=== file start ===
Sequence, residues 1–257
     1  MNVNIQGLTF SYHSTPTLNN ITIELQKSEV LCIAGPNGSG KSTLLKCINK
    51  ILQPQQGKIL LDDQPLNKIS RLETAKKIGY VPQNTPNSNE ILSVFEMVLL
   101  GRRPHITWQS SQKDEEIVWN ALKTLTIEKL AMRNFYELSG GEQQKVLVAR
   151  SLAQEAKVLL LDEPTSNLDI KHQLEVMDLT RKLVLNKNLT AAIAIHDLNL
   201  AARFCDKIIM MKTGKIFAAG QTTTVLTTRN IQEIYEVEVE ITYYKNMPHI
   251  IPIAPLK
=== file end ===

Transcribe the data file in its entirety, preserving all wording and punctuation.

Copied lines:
Sequence, residues 1–257
     1  MNVNIQGLTF SYHSTPTLNN ITIELQKSEV LCIAGPNGSG KSTLLKCINK
    51  ILQPQQGKIL LDDQPLNKIS RLETAKKIGY VPQNTPNSNE ILSVFEMVLL
   101  GRRPHITWQS SQKDEEIVWN ALKTLTIEKL AMRNFYELSG GEQQKVLVAR
   151  SLAQEAKVLL LDEPTSNLDI KHQLEVMDLT RKLVLNKNLT AAIAIHDLNL
   201  AARFCDKIIM MKTGKIFAAG QTTTVLTTRN IQEIYEVEVE ITYYKNMPHI
   251  IPIAPLK